272 total views, 1 views today
In the face of worsening climate change, many scientific and agricultural experts have agreed it will be necessary to rely less on animals and livestock as a food source. This is because beef production expels methane, a greenhouse gas more than 80 times as heat-trapping as carbon dioxide, a gas often synonymous with climate change.
Excessive methane emissions have led to scientists and agricultural experts debating — for decades now — how we can change our longstanding global food systems to benefit the environment. Few comprehensive and easily adaptable solutions have emerged, but an international commission of experts has come up with a method that might actually be easy for the average person to adopt.
These experts call their solution the “planetary health diet.” The name is a nice double entendre — this diet is both healthy for the planet and for the person eating it. What’s best is that, although it emphasizes the consumption of vegetables, legumes, fruits, seeds, and nuts, it doesn’t forbid eating animal products and sugars.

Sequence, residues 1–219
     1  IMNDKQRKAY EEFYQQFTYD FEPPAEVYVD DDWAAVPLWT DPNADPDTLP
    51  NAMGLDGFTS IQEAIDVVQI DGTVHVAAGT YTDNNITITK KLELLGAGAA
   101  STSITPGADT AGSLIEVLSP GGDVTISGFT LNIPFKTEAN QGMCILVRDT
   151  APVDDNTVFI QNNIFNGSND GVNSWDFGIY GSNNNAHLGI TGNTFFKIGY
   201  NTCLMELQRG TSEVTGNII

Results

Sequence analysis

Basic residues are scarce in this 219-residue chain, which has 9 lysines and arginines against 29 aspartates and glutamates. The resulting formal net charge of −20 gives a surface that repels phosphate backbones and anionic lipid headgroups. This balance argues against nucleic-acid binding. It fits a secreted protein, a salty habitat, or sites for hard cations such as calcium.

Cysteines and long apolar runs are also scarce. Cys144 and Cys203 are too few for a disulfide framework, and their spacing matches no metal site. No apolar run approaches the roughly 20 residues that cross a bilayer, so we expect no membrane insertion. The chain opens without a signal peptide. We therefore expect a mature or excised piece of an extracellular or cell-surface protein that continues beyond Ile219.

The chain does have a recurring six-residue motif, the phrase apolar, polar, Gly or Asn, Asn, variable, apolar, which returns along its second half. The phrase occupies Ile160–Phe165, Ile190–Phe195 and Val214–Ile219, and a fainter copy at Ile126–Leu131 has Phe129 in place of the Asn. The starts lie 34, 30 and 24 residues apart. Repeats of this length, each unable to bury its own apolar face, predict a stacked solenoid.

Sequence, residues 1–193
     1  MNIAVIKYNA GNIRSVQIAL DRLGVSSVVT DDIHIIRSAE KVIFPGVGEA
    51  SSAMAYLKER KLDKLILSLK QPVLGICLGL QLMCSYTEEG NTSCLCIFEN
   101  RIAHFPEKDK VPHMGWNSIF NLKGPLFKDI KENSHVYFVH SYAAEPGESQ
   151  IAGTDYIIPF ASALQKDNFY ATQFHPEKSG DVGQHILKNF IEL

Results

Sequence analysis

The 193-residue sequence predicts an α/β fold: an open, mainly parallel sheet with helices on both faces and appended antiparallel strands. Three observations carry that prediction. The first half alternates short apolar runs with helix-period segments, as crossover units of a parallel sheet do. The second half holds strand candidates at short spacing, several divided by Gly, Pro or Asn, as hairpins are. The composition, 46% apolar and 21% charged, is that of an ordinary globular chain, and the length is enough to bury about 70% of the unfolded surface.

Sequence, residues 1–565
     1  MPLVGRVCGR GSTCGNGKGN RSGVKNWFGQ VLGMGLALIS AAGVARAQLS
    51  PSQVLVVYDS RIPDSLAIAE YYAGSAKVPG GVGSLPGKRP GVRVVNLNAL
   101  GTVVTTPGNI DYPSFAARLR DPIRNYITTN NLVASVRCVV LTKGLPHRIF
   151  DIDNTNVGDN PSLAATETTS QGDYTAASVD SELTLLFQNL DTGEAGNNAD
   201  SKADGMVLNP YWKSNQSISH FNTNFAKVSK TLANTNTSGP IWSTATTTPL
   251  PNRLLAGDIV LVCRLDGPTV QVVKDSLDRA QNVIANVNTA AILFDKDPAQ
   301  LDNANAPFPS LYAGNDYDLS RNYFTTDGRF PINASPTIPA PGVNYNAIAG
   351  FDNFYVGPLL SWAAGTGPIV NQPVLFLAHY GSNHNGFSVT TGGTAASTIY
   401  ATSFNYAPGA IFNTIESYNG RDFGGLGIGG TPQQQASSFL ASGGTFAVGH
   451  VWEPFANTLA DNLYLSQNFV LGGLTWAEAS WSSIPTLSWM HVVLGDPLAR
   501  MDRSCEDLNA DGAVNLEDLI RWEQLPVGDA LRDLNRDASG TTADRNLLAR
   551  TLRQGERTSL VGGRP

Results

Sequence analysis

The planetary health diet offers specific guidelines by region, particularly to those areas most responsible for driving climate change. North American consumers are urged to eat 84% less red meat while increasing their legume consumption sixfold; European consumers are urged to eat 77% less red meat while increasing their seed and nut consumption fifteenfold.
The best way to see how this diet would play out on an everyday basis is to look at a sample food plate. Assuming a daily intake of 2,500 calories, a person on the planetary healthy diet could eat at most one beef burger, a couple of eggs, and two servings of fish weekly. Also acceptable daily is at most one glass of milk and a small amount of cheese or butter. Vegetables, fruits, legumes, seeds, and whole grains comprise the rest of the plate, offering more than enough protein to replace that lost to reduced animal product consumption.
The planetary health diet empowers any consumer to prevent tens of millions of food health-related deaths per year and reduce the potentially catastrophic effects of climate change. And it does this all without banning any specific foods! It could prove a great start for truly lessening our dependence on livestock production.